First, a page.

6. The fact that so many of the witnesses on Elm ran up the hill toward the fence and claimed to have heard shots from that area, coupled with the fact that no reliable evidence or witness can put Oswald in that window at the time of the shooting. There are several other items that are quite convincing, but that's the most obvious to me.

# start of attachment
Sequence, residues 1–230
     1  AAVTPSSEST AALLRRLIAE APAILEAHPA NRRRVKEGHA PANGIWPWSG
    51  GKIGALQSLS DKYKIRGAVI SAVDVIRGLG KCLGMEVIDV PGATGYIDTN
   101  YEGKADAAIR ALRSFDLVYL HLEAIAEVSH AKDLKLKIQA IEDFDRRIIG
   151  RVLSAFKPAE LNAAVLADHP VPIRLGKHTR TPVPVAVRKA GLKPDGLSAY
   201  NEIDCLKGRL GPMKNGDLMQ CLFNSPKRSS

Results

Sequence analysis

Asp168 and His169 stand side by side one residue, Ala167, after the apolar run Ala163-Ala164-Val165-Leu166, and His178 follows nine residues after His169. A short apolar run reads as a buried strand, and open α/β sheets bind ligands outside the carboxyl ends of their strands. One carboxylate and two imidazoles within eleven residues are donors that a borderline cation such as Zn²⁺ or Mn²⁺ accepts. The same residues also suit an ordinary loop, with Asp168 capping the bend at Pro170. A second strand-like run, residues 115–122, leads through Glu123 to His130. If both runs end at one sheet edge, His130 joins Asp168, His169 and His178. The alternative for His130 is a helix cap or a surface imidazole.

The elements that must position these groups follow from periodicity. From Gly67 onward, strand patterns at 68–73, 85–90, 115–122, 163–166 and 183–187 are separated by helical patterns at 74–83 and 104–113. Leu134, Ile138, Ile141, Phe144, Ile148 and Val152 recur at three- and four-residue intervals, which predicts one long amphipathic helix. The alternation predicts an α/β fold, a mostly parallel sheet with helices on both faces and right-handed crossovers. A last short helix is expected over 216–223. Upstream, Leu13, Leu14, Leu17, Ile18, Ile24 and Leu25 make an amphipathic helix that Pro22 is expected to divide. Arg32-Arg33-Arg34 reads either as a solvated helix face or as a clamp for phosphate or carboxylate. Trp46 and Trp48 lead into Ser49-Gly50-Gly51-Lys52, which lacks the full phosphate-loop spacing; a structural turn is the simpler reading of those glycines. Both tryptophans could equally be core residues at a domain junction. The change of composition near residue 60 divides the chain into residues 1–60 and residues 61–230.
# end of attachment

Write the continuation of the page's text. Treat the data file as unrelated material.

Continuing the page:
7. http://www.huffingtonpost.com/russ-baker/peculiar-posner_b_695710.html Peculiar Posner by Russ Baker August 26, 2010 At first glance, I thought my eyes were deceiving me. Here's a complaint letter to the editor published in The New York Times, from a man representing the highly controversial brother of Afghanistan's president Karzai---and the letter-writer's name is Gerald Posner. Gerald Posner? Isn't that the same name as the investigative journalist who resigned from the website Daily Beast after allegations surfaced of serial plagiarism? (The Miami New Times also provided examples that Posner "seems to add, subtract, or misattribute quotes" and displayed a series of such "apparently altered or misattributed quotes.") The letter to The Times puts this Gerald Posner's location as Miami Beach---where the Posner in question happens to live, so yes, it does seem to be the right person. Assuming Karzai didn't prefer to hire some unknown Gerald Posner from Miami. Which raises some more questions. Why would Ahmed Wali Karzai hire Posner, of all people, to help clear his name? And why would Posner the journalist take what is essentially a publicity job representing this seemingly unpleasant and fraught fellow? Actually, Posner has been in a propaganda role before. But first, the letter. The Times ran it under the headline, Defending Karzai's Brother. It begins,I represent Ahmed Wali Karzai, the chief of the Kandahar Provincial Council and President Hamid Karzai's younger brother. In your Aug. 13 editorial, "The State of the War," you cite unidentified "American officials" to assert that "the younger Mr. Karzai is involved in the opium trade and other corrupt enterprises" as well as being "on the C.I.A.'s payroll." Posner goes on to suggest that there's no evidence on these counts. Then, he writes, Also, while he is a key partner with the Americans and coalition forces---having survived multiple assassination attempts himself---he adamantly denies being on the C.I.A. payroll. Here, the words "assassination" and "CIA payroll" caught my eye. Gerald Posner is perhaps the leading author in the world who has worked assiduously to convince Americans that Lee Harvey Oswald killed John F. Kennedy and acted alone. As if to ward off all the questions about what the CIA knew about the peculiar events leading up to and taking place on November 22, 1963, Posner titled his book "Case Closed." But even the House Select Committee on Assassinations concluded in its 1979 final report, fifteen years after the discredited Warren Commission Report, that in all probability there was some kind of organized effort to remove Kennedy: "scientific acoustical evidence establishes a high probability that two gunmen fired at President John F. Kennedy." It concludes " ...on the basis of the evidence available...President John F. Kennedy was probably assassinated as a result of a conspiracy." Posner's work on the JFK assassination issue puts him essentially in the CIA's camp, by consistently leading readers away from a mountain of evidence regarding CIA connections with key figures in the story, including Lee Harvey Oswald. Posner plays a similar role with the assassination of Martin Luther King with his book, Killing the Dream: James Earl Ray and the Assassination of Martin Luther King, Jr. Now, this journalist is suddenly doing p.r. work for a man accused of being on the CIA's payroll. Can anyone see a possible pattern here? For further insight, take a look at the reporting by Carl Bernstein (of Woodward and Bernstein fame) for Rolling Stone on CIA infiltration of US media, and maybe some of the fine books on Operation Mockingbird. Also, another curiosity. The Times waited six days from the date on the letter (which was presumably emailed, as is the custom these days), and then three days after publishing it came out with a blistering piece looking further at convoluted machinations involving the CIA and the Karzai family. (For comparison, note that on August 25 The Times published a letter dated August 25, so they can do so when they want.) Would be nice to know what's going on behind the scenes with all this.